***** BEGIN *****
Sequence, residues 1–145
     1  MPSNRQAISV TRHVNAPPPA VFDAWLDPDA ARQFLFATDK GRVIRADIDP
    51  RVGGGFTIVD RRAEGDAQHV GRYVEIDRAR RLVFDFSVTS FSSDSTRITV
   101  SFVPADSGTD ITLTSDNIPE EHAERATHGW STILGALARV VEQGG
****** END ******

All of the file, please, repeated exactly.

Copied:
Sequence, residues 1–145
     1  MPSNRQAISV TRHVNAPPPA VFDAWLDPDA ARQFLFATDK GRVIRADIDP
    51  RVGGGFTIVD RRAEGDAQHV GRYVEIDRAR RLVFDFSVTS FSSDSTRITV
   101  SFVPADSGTD ITLTSDNIPE EHAERATHGW STILGALARV VEQGG